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[2b2] Long-form, wide-form

I woke up this morning with an idea to develop. I’m posting it here prematurely. Ironically (as you’ll see), I want more time to argue for it and tease it out. In fact, in part because I have to prepare for (= rewrite) a talk I give this morning, I’ll leave it at something like Twitter length: We will of course continue to write book-length, long-form arguments, but wide-form arguments are becoming more important (more important than they were and perhaps more important than long-form arguments). Wide-form arguments are spread out across the Web, and develop and apply an idea.

Yes, there are advantages and disadvantages, gains and losses. But, the assessment of them should (in my opinion) begin with an honest look at how important long-form arguments actually have been. It seems to me that most of the long-forms we think of as examples are actually a type of wide-form performed by a single person: Here’s an idea, and here’s some of its implications. The idea itself frequently is a short-form argument. Wide-forming the argument can develop the idea in unexpected ways and can apply it in unexpected circumstances.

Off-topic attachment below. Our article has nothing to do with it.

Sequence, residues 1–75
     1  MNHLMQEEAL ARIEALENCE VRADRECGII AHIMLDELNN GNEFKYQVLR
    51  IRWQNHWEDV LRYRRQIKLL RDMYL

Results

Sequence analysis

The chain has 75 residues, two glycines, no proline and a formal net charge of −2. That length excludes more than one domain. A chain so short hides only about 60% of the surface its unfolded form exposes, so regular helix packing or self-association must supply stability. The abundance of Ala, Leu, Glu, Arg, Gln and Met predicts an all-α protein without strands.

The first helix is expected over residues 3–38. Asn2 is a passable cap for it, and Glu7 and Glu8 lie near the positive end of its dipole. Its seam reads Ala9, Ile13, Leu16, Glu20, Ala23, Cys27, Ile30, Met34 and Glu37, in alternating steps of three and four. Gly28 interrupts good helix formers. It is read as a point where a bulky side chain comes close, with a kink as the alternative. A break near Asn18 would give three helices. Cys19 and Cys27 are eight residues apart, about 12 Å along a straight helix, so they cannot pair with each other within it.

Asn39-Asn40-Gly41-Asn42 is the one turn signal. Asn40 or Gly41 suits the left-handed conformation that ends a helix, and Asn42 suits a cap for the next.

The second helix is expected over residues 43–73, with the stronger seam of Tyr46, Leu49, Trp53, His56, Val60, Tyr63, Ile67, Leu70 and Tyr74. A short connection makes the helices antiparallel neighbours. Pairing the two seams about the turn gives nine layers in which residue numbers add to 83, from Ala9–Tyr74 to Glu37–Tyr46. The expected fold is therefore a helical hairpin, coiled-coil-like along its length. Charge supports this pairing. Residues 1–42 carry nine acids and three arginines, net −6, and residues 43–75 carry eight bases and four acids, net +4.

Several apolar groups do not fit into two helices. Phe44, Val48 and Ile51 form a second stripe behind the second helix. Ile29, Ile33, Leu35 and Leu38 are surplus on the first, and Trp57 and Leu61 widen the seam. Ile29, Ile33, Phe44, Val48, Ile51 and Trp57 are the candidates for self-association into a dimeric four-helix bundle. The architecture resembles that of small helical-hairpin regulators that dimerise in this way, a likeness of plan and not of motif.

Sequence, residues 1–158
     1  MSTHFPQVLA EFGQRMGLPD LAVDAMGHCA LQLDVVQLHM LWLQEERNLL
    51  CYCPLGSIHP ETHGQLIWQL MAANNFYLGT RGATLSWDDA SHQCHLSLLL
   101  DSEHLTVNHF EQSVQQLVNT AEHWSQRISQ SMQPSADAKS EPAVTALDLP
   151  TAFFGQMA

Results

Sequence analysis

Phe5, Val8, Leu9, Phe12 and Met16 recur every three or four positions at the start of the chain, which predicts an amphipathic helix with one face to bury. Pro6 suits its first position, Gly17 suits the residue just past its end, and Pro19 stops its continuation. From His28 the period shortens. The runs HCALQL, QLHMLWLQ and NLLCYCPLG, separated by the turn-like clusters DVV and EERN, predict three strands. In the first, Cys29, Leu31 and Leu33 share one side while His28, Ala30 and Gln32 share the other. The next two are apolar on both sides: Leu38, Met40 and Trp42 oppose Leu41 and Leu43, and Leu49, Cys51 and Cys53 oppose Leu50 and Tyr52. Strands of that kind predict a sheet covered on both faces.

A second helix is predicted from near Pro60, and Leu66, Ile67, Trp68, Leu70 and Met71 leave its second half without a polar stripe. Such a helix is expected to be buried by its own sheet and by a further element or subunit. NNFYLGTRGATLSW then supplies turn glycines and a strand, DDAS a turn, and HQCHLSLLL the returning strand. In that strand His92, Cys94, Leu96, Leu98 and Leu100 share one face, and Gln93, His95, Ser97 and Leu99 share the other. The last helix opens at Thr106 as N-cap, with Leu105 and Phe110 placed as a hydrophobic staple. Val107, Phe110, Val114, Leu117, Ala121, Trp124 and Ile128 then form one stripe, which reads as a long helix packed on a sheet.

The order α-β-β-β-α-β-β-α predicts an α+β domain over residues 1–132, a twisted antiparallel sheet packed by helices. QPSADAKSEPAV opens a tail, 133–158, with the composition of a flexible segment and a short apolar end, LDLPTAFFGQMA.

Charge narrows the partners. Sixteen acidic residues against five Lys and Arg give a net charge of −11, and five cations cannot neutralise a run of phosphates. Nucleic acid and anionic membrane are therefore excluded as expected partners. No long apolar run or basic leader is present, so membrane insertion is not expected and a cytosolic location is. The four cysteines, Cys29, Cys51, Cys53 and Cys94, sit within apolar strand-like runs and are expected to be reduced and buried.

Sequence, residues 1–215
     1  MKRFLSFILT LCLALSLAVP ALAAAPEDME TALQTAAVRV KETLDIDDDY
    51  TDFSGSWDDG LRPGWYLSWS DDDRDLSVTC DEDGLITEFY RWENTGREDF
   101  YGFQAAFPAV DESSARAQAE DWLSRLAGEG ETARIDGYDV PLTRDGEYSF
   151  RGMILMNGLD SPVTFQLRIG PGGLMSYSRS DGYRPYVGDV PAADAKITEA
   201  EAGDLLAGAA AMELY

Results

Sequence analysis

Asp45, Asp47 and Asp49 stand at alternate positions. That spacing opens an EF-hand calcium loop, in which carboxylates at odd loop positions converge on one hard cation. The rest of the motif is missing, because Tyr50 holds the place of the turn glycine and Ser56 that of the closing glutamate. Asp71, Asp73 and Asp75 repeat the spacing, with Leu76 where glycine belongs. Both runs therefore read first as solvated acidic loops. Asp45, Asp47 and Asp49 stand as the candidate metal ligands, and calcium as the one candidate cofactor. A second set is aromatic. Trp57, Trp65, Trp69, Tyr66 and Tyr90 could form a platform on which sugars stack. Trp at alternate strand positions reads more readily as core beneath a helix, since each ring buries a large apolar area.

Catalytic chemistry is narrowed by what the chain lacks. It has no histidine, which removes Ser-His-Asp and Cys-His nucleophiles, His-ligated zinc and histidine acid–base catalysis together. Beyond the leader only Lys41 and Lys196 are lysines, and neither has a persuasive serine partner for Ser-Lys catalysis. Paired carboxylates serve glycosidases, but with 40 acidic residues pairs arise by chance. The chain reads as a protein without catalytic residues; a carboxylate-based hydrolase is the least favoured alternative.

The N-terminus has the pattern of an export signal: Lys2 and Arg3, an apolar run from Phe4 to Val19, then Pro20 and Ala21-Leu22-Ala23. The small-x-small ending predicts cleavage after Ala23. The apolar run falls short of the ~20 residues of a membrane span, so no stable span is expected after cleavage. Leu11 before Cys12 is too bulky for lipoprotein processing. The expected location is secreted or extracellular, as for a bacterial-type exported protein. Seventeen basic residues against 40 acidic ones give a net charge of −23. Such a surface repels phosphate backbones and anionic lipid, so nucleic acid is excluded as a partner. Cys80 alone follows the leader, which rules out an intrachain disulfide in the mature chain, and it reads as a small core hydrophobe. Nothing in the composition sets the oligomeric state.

Anyway, gotta go.

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More Stories By David Weinberger

David is the author of JOHO the blog (www.hyperorg.com/blogger). He is an independent marketing consultant and a frequent speaker at various conferences. "All I can promise is that I will be honest with you and never write something I don't believe in because someone is paying me as part of a relationship you don't know about. Put differently: All I'll hide are the irrelevancies."